The Water-Pores of the Lamelli-Branch Foot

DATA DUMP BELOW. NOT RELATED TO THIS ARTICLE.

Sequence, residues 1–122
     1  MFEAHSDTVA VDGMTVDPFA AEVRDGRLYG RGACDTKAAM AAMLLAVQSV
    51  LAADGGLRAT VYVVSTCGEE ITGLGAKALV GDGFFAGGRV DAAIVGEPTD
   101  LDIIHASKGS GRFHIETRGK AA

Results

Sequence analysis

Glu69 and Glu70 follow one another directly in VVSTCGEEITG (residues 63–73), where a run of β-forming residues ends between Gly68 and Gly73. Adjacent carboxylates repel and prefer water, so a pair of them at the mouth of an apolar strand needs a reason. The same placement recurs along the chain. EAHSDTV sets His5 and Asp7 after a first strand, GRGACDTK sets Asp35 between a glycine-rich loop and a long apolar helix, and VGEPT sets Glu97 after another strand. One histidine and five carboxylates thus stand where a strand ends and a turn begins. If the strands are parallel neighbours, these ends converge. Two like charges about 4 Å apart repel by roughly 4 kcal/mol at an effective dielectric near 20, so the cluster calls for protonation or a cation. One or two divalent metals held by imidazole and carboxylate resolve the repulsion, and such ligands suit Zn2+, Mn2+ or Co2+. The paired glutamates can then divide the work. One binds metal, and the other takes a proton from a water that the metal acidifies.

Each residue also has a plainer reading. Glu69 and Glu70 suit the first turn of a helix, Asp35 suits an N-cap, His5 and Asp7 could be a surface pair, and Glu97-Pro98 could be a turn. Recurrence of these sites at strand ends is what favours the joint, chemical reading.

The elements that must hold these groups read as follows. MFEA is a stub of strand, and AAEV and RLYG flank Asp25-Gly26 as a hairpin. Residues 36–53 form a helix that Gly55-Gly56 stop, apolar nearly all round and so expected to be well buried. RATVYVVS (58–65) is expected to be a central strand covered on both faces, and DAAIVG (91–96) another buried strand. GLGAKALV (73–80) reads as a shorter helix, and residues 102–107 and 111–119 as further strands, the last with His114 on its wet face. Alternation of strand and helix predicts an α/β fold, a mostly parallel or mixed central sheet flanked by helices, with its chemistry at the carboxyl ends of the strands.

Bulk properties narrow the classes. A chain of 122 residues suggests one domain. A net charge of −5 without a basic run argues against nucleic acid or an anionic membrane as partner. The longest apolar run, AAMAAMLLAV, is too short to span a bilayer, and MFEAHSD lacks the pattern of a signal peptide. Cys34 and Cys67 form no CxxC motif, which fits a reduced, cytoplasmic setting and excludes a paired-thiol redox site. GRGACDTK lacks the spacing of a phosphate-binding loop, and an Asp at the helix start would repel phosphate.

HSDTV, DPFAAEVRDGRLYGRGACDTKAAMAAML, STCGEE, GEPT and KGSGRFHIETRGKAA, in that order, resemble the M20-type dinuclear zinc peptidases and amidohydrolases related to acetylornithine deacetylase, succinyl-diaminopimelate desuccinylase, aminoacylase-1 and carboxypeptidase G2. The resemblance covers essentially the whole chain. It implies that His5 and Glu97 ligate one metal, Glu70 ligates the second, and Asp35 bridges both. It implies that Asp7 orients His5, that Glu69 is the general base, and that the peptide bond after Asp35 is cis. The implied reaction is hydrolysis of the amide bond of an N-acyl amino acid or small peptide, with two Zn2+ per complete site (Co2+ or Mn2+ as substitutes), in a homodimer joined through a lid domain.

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... out Early Journal Content at http://about.jstor.org/participate--jstor/individuals/early-journal--content. JSTOR is a digital library of academic journals, books, and primary source objects. JSTOR helps people discover, use, and build upon a wide range of content through a powerful research and teaching platform, and preserves this content for future generations. JSTOR is part of ITHAKA, a not--for--profit organization that also includes Ithaka S+R and Portico. For more information about JSTOR, please contact firstname.lastname@example.org. 130 SCOIE. without sufficient evidence, said to be caused by the palms, -comparativel3 high vegetable types, perfectly innocent of the crime of which they were accused. Late investig Ations point to a bacterium of elongated forrm as tie cause, but the proofs are still insufficient. To le rn to recognize the enemy is certainly the most necessary thing to be done, but it is only half the task: ;Le must then learn to resist it. The more or less effective means of combat which have been employed up to the present tine have aimed, 1?, to prev( nt the dissemination of dangerous microbes; 2?, tc make the organism unsuitable for the propagation of the intruders; 3?, to retard, as -far as possibli, the growth of those which have entered, in order t,) give the organs opportunity to throw them off. 1 he first of these measures engrosses the attention of the hygienists: hospitals, quarantines, and disinf. ctants are among the means employed. I will not ;tnter upon a subject which touches so many disput d questions, but will confine myself to noticing certa n facts and to rectifying certain very wide-spread (rrors. Regarding infection, the nose is a poor guide; for the experiments of Mr. Miquel show very distinctly that substances in a state of putrefaction, se long as they are moist, do not emit living germs. ' ?he water of the Paris sewers holds eighty million miirobes per litre; and yet the air of the sewers contaiirs only eight hundred or nine hundred germs per cubi metre, about one-tenth the number found in a hospi al. By inoculating a rabbit, it was shown that these germs are, perfectly harmless. The moist earth does not give out living organisms to the atmosphere. On the contrary, the dust of our rooms, which we dc not at all mistrust, shows about two millions of tihese living germs per gram. The bacteria of intermi;tent fevers, which vegetate in the soil of the Romal Campagna, begin to spread in the air and to becon e dangerous only when the soil, dried by a scorching sun, is raised by the wind in the form of dust. It w-ould be easy to multiply examples, and to prove, ti at, in point of hygiene, we must be guided by sens: rather than by smell. We have as yet but begun his kind of study; for how does this total number 3f germs which the air or water holds interest us ? We would prefer to know the number of dangerolts germs. The proportions would doubtless be very different from those which concise analysis affords. Until we are better in ormed, we shall do well to push cleanliness to an extreme, and especially to put little trust in disinfei tion. The number of subtances which are less in urious to man than to micro-parasites is very smai'. The best disinfectant is perfectly useless if too A-eak a dose be used. For each of these substance there is one proportion which will destroy the rerms, and another which will arrest their vegetat on but not destroy them. This last dose is the one -ith which we are generally obliged to content ourse ves. The experiments of Air. Koch and Mr. Miq Lel show that the narcotic effect begins to be effect ive on microbes only when the substance in which tl ey are vegetating contains, among a thousand parts, >5 parts of alcohol, or 70 of 130 SCOIE.